In order to represent the number of neighboring internal angles, we can write the following equation in this case (N is an integer):N. (180 – 360 / n) = 360 If N is solved here, as integer values, we can obtain only n = 3, 4 and 6 and no integer can be obtained for any number greater than 6. So if we want to divide an area without spaces, we should either use triangles, quadrangles or hexagons. A smooth polygon with a number of edges greater than 6 is not possible without space. Similarly, smooth pentagons are not a suitable solution. A three-sided rectangular area with 36O angles is formed. However, hexagons can be brought together side by side.In addition, the triangular, rectangular and hexagonal equal areas are compared with each other. Thus, at least the amount of wax consumption can be obtained by dividing this way.

Mathematicians also investigated whether polygons with curved edges are better or not. When the edge is curved, a convex shape is obtained in a polygon, while the neighboring polygon will necessarily have a concave shape. The advantage obtained by the convex curve (because it is more similar to the circle part) destroys more disadvantages from the concave curve and no net gain is obtained.

Thomas Hales of the University of Michigan put an end to the debate in 1999, and when we wanted to divide an area into even smaller spaces, it proved the ideal shape to be a hexagonal one. Although the hexagonal shape has been described as an ideal shape for a long time, it has not been proved to be a solid mathematical proof.If the honeycomb construction techniques of the bees had evolved since their first creation, the fossil record had to have other geometric shapes other than hexagons. However, there is no clue that another form of honeycomb is used. Charles Darwin himself described honeycomb as an engineering wonder that perfectly economizes labor and wax.

So far we’ve looked at the problem in two dimensions. However, honeycomb is a three-dimensional object and is in the form of hexagonal prism. Hexagonal prism shaped honeycombs are in two layers, one end is open, the other closed ends are placed back to back. When the frame is placed perpendicular to the ground, the prisms are constructed so as to make an inclination angle of 13 ° horizontally and this angle is the smallest angle that is sufficient for the honey not to flow.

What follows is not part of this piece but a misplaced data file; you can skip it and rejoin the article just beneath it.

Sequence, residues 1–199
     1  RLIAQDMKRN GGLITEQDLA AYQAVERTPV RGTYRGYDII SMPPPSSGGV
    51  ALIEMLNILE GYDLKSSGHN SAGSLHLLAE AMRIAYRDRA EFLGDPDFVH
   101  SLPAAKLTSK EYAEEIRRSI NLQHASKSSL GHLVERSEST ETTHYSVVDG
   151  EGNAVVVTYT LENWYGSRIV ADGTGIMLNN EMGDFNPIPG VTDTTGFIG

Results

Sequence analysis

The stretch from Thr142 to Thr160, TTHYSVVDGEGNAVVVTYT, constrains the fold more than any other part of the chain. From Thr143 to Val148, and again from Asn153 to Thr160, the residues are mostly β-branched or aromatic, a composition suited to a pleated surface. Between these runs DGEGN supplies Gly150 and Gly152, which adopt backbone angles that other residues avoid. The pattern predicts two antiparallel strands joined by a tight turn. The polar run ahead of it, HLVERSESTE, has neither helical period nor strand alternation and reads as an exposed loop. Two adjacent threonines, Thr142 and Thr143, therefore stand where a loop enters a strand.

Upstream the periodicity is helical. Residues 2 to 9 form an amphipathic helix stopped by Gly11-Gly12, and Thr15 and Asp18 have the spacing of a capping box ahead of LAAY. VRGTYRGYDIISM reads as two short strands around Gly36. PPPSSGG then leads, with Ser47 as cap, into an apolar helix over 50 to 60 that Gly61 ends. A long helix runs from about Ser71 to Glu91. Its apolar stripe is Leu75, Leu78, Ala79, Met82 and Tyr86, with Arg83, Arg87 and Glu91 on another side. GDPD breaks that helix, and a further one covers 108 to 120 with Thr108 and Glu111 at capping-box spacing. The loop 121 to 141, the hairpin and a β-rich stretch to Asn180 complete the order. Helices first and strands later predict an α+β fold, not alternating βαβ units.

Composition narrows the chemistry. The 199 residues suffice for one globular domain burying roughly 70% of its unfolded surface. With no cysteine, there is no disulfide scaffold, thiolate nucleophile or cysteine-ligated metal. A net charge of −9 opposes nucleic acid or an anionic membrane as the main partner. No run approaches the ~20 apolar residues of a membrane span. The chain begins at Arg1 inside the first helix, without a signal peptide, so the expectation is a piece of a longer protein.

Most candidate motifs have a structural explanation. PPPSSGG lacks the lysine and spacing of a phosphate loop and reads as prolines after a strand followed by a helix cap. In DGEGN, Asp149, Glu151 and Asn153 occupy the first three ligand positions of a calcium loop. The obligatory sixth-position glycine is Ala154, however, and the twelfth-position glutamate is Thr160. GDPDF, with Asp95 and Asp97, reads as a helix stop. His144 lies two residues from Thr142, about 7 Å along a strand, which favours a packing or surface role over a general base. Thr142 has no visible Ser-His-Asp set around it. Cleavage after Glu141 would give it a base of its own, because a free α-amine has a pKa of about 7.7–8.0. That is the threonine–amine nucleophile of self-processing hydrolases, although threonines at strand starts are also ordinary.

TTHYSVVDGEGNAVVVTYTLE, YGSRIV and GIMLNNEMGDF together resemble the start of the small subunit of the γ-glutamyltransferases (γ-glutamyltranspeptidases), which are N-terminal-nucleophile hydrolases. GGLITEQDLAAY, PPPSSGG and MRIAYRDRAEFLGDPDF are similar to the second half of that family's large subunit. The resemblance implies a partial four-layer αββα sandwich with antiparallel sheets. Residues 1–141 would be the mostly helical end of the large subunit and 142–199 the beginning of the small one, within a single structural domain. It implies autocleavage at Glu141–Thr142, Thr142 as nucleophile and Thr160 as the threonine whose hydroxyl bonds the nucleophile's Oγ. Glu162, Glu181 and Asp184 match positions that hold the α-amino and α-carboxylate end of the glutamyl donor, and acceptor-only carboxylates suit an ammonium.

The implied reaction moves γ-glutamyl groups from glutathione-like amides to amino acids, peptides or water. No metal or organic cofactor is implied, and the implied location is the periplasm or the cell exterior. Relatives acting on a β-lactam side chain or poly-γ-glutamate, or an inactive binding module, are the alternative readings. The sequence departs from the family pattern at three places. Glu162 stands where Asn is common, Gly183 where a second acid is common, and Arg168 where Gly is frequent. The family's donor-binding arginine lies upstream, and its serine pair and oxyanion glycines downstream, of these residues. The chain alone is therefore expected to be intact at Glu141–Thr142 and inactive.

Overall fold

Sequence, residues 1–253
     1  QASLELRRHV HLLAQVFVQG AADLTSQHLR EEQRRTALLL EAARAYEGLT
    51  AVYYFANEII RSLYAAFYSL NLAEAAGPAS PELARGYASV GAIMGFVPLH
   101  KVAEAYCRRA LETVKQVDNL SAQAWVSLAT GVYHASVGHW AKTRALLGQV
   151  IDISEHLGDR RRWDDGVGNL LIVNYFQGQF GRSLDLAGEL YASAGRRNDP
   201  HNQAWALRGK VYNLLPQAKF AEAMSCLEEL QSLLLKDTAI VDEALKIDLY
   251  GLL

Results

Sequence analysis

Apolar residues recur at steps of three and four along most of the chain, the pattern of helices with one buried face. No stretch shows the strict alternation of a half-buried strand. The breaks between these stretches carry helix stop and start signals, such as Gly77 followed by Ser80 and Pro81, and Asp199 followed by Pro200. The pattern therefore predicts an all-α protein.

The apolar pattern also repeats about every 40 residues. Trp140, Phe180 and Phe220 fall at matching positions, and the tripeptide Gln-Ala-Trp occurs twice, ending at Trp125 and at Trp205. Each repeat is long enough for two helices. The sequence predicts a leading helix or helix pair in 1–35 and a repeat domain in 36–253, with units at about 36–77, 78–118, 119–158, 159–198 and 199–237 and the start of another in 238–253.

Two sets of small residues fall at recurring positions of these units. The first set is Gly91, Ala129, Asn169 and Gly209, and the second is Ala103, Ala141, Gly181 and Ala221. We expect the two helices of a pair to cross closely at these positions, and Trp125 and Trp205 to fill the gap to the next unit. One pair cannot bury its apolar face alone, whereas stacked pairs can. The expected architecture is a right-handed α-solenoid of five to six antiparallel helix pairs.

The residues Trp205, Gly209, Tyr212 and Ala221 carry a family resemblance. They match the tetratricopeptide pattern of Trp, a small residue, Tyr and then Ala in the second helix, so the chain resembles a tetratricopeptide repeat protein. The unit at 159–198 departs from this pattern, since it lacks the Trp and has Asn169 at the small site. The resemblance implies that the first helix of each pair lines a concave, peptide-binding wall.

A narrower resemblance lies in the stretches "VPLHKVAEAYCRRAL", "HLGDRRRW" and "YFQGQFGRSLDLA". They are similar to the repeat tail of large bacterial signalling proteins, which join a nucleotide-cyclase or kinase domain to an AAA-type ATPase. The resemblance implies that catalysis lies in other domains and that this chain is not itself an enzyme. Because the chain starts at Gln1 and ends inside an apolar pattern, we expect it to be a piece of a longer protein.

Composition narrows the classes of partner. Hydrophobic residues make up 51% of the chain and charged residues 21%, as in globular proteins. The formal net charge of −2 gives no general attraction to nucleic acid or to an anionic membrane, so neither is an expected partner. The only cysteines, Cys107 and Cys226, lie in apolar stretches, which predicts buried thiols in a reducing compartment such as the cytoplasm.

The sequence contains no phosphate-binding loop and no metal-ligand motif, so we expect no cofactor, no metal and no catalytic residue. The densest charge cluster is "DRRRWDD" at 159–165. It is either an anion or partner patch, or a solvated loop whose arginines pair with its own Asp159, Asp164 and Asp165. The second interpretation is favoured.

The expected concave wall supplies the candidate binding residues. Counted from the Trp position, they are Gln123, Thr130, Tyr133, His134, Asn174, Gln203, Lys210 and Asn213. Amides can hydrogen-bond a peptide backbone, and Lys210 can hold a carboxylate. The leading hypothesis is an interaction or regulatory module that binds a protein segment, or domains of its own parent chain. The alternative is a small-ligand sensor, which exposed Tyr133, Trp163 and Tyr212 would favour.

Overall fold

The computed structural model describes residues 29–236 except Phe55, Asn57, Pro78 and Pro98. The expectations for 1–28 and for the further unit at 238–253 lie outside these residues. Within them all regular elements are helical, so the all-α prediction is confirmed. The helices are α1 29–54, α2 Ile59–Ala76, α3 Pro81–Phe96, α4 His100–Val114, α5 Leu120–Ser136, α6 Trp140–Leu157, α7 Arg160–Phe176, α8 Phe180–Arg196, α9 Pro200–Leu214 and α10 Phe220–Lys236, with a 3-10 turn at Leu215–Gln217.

What kind of geometry should be used for the minimum wax consumption at the closed end of the honeycombs?

In 1964, the mathematician Fejes Toth showed that the ideal closure could be achieved with two hexagons and two squares. The bees were slightly different with three rhombuses. The internal angles of the rhombuses are 70.5O and 109.5O, giving the ideal mathematical solution for the shape of the three rhombus roofs. Apparently, there was a very small loss of 0.035% in the field according to two hexagons and two frames in the application of bees. However, there was a point to be overlooked, and the wall thickness in calculations was taken extremely thin. The researchers used liquid foam to experience the mathematical model of Toth. Between the two glasses, they pumped the detergent solution with bubbles of 2 mm diameter so as to have two layers. The bubbles in contact with the glass turned into hexagonal structures. At the boundary of the two layers, two hexagonal and two square shaped structures were formed by Toth. When the bubble walls were slightly thickened, an interesting situation arose and the structure was transformed into three rhombus structures, just like in bees.